As delivery system reform experts puzzle over what makes accountable care organizations successful, they might want to pay more attention to the physicians in those organizations, suggests a study published Monday in Health Affairs.

The study found significant physician churn from year to year, as well as an uneven distribution of patients among physicians in one Medicare Pioneer ACO. The results raised questions about the structure of ACOs—a payment model touted by many and supported by the CMS—and their ability to achieve the goals of lowering costs while improving quality.

“Physicians really are the crux of the ACO itself,” said Dr. John Hsu, the lead author of the study and the director of the clinical economics and policy analysis program at the Mongan Institute of Massachusetts General Hospital in Boston. “It’s really important to look to see how things are actually working, and what are the areas of concern and how we might be able to anticipate potential problems that could arise downstream and head them off.”

Hsu and his co-authors examined Boston-based Partners HealthCare System—Mass General is part of Partners HealthCare—which had a Medicare Pioneer ACO that covered more than 82,000 beneficiaries during its initial three-year contract from 2012 to 2014. They looked at beneficiary distribution across physicians and changes in physicians by year, and what they found surprised them.

On average, ACO beneficiaries made up less than 5% of a doctor’s patients, which in turn meant that the financial risk imposed by the ACO contract was unlikely to have a significant effect on physician behavior. The researchers described this phenomenon as a “dilution” of ACO incentives.

The researchers also found that the sickest and most expensive beneficiaries were concentrated among a minority of physicians, while the majority of physicians saw ACO beneficiaries with modest costs.

This distribution could, theoretically, give ACOs the opportunity to cherry-pick patients by selecting only certain physicians each year. It was, the authors wrote, “a relatively simple mechanism to ‘game’ the risk pool.”

That was not the situation with Partners HealthCare, Hsu said. The ACO was interested mainly in expanding its reach and encouraging physicians to participate—not in getting them to leave. But at the time the ACO had relatively modest financial incentives and was performing well.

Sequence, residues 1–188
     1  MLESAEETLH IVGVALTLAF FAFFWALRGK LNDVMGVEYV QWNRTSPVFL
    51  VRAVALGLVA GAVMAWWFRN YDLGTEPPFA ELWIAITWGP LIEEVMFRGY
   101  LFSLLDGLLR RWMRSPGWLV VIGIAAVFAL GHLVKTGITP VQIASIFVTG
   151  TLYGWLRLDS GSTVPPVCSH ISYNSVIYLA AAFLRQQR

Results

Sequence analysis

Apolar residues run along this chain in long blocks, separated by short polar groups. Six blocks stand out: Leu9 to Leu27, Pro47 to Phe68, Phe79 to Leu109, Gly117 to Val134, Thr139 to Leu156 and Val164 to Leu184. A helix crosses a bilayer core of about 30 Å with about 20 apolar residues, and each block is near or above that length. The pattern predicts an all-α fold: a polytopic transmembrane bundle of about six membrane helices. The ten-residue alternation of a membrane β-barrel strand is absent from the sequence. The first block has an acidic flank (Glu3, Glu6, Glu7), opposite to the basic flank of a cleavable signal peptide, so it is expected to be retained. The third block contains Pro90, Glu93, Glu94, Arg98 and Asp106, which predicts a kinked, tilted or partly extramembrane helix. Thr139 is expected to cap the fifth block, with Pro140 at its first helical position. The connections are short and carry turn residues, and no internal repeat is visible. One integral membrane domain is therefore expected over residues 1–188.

“When incentives are higher, and/or the ACO is performing less well … this would be an easy mechanism to really dramatically influence the patient population,” Hsu said. “The key point is that the physician played a central role,” because a physician’s participation in an ACO can heavily influence its financial and quality outcomes, he added.

The researchers discovered significant turnover among physicians participating in the ACO. When the researchers tracked 748 primary-care physicians over the three years of the contract, it turned out that just 392 of them, or 52%, were affiliated with the ACO for the entirety of the contract. They also found that the mean number of ACO beneficiaries per physician was 70—less than 5% of the 1,700 total patients a physician saw on average.

“This limited ACO penetration at the physician level could mitigate the ACO’s potential to achieve its financial targets,” the researchers wrote. A more effective approach to reduce spending might be adopting a system-level approach, rather than expecting physicians to change practice patterns for a tiny minority of their patients. Or, ACOs could aim to be more efficient in driving change by concentrating more beneficiaries among fewer physicians, they suggested.

A major limitation of the study was that it looked at just one Pioneer ACO in one market— Medicare. Its findings, the researchers warned, were not necessarily applicable to other ACOs or even other Pioneer ACOs. But given the fact that Partners HealthCare was operating one of the country’s more mature ACOs during the period studied, the researchers suggested that their findings did not bode well for other ACOs, where turnover might be even greater.

Published by Modern Healthcare, April 4, 2017